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This profile was last updated on 5/30/2017 and contains contributions from the  Zoominfo Community.

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Wrong Andrew Rokito?

Andrew S. Rokito

Physician

NYU

HQ Phone:  (212) 263-7300

Direct Phone: (646) ***-****direct phone

Email: a***@***.org

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I agree to the Terms of Service and Privacy Policy. I understand that I will receive a subscription to ZoomInfo Community Edition at no charge in exchange for downloading and installing the ZoomInfo Contact Contributor utility which, among other features, involves sharing my business contacts as well as headers and signature blocks from emails that I receive.

NYU

550 First Avenue

New York City, New York,10016

United States

Company Description

NYU Langone Medical Center, a world-class, patient-centered, integrated academic medical center, is one of the nation's premier centers for excellence in clinical care, biomedical research, and medical education. Located in the heart of Manhattan, NYU Langone ...more

Background Information

Employment History

Physician

Hospital for Joint Diseases


Affiliations

American Shoulder and Elbow Surgeons

Member


Shoulder and Elbow Fellowship

Board Member


Cohen-Seltzer Inc

Scientific Advisory Board Member


American Orthopaedic Society for Sports Medicine

Member


Elbow Surgeons

Member


American Academy of Orthopaedic Surgeons

Member


Core Essence Orthopaedics , Inc.

Member of Scientific Advisory Board


Education

American Board of Orthopaedic Surgery


BA/MD program

Boston University


MBA


MD


medical degree

Boston University School of Medicine


Web References(84 Total References)


Core Essence Orthopaedics, Inc.

www.ceortho.com [cached]

Andrew Scott Rokito, M.D.
Andrew Scott Rokito Dr. Rokito is Chief of the Division of Shoulder and Elbow Surgery at the New York University Hospital for Joint Diseases. In addition he is also the Associate Director of NYU Hospital for Joint Diseases' Division of Sports Medicine. Dr. Rokito serves as an Assistant Professor of Orthopaedic Surgery at the New York University School of Medicine. Dr. Rokito received his medical degree from Boston University School of Medicine and completed his Sports Medicine fellowship at the Kerlan-Jobe Orthopaedic Clinic in Los Angeles.


www.therapeuticservicesinc.com

Andrew Rokito, MD
Associate Professor of Orthopedic Surgery, NYU School of Medicine Chief of Shoulder Service, NYU-Hospital for Joint Diseases, Dept. of Orthopedic Surgery Associate Chief of Sportsmedicine Service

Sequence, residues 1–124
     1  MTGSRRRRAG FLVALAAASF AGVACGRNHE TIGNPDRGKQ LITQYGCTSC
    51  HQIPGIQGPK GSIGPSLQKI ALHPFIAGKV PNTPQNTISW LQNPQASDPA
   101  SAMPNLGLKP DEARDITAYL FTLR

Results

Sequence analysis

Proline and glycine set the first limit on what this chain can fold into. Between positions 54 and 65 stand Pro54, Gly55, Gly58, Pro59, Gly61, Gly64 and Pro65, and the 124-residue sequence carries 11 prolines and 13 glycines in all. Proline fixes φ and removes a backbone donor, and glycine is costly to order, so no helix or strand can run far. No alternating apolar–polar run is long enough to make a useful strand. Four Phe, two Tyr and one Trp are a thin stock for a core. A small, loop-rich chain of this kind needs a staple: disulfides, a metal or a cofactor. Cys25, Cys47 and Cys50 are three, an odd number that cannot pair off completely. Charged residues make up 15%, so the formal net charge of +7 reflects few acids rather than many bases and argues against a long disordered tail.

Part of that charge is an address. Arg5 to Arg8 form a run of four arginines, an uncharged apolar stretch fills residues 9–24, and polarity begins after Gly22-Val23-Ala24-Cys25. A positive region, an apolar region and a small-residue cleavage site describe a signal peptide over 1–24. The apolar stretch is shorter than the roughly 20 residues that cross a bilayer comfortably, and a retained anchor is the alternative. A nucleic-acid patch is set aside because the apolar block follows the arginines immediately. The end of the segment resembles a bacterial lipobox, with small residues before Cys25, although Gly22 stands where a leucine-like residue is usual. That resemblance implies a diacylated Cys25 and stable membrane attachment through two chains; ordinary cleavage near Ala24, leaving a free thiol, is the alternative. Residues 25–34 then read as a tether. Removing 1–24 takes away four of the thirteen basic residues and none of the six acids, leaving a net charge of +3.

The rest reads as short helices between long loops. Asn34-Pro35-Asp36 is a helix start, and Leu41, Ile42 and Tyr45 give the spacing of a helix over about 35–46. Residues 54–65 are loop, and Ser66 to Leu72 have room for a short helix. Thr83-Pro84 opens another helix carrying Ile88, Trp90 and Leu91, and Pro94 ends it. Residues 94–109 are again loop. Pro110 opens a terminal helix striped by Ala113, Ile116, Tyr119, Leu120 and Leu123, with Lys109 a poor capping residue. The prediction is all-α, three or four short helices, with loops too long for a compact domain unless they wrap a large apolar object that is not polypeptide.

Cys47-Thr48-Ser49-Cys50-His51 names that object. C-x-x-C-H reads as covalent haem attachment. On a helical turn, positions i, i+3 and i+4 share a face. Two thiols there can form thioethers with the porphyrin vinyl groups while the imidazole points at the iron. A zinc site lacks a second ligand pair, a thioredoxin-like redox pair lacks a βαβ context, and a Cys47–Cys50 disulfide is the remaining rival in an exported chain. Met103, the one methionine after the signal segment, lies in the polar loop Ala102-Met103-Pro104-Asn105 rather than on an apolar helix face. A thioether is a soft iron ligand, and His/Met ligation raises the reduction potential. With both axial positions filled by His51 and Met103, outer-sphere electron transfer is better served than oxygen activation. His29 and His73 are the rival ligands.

NYU Hospitals for Joint Diseases | VuMedi

www.vumedi.com [cached]

By NYU Hospital for Joint Diseases Featuring Jason Capo, Andrew Rokito


NYU Hospital for Joint Diseases | VuMedi

www.vumedi.com [cached]

By NYU Hospital for Joint Diseases Featuring vinay aggarwal, Mandeep Virk, Andrew Rokito, Amos Dai, Daniel Kaplan
By NYU Hospital for Joint Diseases Featuring Mina Abdelshahed, Andrew Rokito, Amos Dai By NYU Hospital for Joint Diseases Featuring Jason Capo, Andrew Rokito By NYU Hospital for Joint Diseases Featuring Jason Capo, Andrew Rokito Andrew Rokito


Shoulder Surgery Is a Testing Ground for Painkiller Alternatives | ER News and Topics for Physicians

www.hivemanagement.com [cached]

"As a profession we prescribe too many narcotics for too many patients," says Andrew Rokito, chief of the division of shoulder and elbow surgery at NYU Langone Medical Center's Department of Orthopaedic Surgery in New York.
Catheters can be a problem for some patients, Dr. Rokito says. The devices don't always stay in place and having a catheter protruding from the neck for several days can be "intimidating" for some people. Patients also must get used to having their arms numb and weak for several days. More often, Dr. Rokito says he uses single-dose injections of nerve blocks that can last up to 24 hours. He advises patients to start on a short course of opioid medication before the block wears off to ease the transition. After three or four days, Tylenol is generally sufficient. Risks from injections include nerve damage and complications from leakage of the anesthetic. Local anesthetic also can be toxic to cartilage. But Dr. Rokito says the blocks are safe because they are directed at the nerves that supply the shoulder region and aren't placed directly in the surgical site.


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